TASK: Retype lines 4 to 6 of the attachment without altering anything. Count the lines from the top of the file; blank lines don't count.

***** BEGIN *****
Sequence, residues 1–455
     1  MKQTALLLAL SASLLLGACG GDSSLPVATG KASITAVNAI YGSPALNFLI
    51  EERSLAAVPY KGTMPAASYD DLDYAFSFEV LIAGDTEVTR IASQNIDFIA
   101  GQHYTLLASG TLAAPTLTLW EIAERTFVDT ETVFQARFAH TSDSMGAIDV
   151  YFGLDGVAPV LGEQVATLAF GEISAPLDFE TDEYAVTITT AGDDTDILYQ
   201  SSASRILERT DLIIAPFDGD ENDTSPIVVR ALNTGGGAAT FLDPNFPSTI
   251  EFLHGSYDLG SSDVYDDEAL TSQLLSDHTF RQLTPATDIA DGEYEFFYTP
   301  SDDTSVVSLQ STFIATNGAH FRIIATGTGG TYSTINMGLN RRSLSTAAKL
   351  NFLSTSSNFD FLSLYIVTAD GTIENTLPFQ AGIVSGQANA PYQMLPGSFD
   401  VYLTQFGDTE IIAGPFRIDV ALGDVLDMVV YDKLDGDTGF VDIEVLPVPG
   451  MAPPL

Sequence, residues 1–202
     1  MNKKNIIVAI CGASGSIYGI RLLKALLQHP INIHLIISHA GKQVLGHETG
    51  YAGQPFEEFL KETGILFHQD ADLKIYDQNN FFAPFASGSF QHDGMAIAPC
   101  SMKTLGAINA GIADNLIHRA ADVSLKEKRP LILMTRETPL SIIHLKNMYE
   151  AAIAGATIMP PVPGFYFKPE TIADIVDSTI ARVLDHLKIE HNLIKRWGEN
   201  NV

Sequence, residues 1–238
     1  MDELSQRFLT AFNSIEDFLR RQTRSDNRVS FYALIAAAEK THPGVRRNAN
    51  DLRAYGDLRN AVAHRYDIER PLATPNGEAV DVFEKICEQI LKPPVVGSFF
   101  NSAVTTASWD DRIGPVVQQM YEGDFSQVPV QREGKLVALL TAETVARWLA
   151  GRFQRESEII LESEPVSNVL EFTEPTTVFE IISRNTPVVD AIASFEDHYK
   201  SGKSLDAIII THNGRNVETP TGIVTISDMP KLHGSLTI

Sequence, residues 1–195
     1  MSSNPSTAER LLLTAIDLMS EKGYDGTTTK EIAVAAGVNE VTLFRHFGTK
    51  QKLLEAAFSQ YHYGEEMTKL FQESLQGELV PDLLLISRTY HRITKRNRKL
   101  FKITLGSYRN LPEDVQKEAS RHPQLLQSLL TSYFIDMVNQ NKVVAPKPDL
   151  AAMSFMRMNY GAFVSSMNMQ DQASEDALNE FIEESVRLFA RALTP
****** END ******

   101  GQHYTLLASG TLAAPTLTLW EIAERTFVDT ETVFQARFAH TSDSMGAIDV
   151  YFGLDGVAPV LGEQVATLAF GEISAPLDFE TDEYAVTITT AGDDTDILYQ
   201  SSASRILERT DLIIAPFDGD ENDTSPIVVR ALNTGGGAAT FLDPNFPSTI